Since the beginning of the Internet era, it has become almost impossible to discuss youth and technology without mentioning online danger—pornography that is just a click away, lurking sexual predators, and inescapable cyberbullies. In this book, Nathan Fisk takes an innovative approach to the subject, examining youth Internet safety as a technology of governance—for information technologies and, by extension, for the forms of sociality and society they make possible. He argues that it is through the mobilization of various discourses of online risk that the everyday lives of youth are increasingly monitored and policed and the governing potentials of information technologies are explored.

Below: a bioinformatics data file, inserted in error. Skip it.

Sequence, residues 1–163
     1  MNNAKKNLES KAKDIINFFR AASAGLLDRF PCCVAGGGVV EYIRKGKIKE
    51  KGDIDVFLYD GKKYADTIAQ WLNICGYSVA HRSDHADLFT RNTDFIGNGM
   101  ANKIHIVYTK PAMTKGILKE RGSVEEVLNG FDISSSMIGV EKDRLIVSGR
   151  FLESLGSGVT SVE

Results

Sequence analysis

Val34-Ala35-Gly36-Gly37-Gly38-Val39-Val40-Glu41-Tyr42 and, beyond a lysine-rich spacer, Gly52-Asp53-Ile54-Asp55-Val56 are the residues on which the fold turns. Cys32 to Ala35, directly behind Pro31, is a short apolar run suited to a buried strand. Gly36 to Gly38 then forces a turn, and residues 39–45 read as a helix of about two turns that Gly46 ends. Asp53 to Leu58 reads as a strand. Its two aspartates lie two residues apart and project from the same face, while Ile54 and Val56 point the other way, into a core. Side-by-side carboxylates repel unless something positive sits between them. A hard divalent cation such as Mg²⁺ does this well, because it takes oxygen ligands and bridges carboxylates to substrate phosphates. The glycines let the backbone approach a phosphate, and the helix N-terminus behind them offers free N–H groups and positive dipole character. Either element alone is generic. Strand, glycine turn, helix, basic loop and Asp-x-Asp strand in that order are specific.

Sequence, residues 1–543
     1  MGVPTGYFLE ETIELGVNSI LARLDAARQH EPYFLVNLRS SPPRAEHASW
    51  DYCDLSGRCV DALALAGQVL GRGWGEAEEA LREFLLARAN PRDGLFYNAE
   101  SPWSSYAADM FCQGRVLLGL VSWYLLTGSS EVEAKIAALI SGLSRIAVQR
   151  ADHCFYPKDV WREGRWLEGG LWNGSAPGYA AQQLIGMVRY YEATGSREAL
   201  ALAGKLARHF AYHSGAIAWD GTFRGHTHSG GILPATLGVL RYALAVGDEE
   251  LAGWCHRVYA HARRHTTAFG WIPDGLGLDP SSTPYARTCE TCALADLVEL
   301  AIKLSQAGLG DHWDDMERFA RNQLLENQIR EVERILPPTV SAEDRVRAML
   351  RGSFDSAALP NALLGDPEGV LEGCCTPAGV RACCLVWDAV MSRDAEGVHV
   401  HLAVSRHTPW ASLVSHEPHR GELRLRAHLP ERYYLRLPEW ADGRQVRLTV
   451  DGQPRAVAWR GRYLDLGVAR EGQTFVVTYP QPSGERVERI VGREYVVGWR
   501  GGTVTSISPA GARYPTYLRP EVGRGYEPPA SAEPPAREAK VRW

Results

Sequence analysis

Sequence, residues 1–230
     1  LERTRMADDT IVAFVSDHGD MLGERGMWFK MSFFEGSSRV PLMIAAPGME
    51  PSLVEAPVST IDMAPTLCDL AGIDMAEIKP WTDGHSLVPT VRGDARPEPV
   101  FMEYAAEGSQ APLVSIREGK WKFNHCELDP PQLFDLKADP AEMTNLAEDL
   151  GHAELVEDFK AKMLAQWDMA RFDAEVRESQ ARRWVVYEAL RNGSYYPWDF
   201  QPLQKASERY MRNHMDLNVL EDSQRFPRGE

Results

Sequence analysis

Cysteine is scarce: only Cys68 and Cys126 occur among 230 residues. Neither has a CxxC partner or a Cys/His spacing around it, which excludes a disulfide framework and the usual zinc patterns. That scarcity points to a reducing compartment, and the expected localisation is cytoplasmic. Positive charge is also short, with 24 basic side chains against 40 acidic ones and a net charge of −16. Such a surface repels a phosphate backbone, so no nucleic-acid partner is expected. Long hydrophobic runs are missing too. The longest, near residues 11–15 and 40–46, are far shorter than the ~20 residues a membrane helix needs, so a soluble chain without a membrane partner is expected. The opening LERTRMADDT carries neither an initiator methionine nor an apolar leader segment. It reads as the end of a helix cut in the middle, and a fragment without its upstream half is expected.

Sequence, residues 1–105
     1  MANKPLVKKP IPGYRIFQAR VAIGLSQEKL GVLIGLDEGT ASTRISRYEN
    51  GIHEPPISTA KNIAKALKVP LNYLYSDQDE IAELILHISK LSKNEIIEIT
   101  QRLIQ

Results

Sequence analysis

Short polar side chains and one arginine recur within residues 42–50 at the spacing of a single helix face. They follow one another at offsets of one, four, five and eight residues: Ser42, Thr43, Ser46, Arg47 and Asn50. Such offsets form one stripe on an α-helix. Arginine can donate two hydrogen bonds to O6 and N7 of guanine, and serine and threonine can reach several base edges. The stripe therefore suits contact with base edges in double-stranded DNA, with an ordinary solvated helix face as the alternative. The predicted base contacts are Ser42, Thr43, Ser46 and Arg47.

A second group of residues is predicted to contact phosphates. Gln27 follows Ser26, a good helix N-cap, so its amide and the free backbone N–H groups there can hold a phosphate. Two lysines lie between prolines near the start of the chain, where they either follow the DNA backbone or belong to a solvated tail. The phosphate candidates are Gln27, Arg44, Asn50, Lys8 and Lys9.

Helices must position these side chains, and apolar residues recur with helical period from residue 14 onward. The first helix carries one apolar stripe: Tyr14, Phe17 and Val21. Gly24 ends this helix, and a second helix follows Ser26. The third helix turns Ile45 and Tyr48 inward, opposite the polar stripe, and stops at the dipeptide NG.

Fisk relates particular panics over youth Internet safety to patterns of technological adoption by young people, focusing on the policy response at the federal level aimed at producing future cybercitizens. He describes pedagogies of surveillance, which position parents as agents of surveillance; the evolution of the youth Internet safety curricula, as seen through materials on cyberbullying and online reputation management; and, drawing on survey results and focus groups, parent and child everyday practice. Finally, Fisk offers recommendations for a “cybersafety of everyday life,” connecting youth Internet safety to trends in national infrastructure protection and corporate information assurance.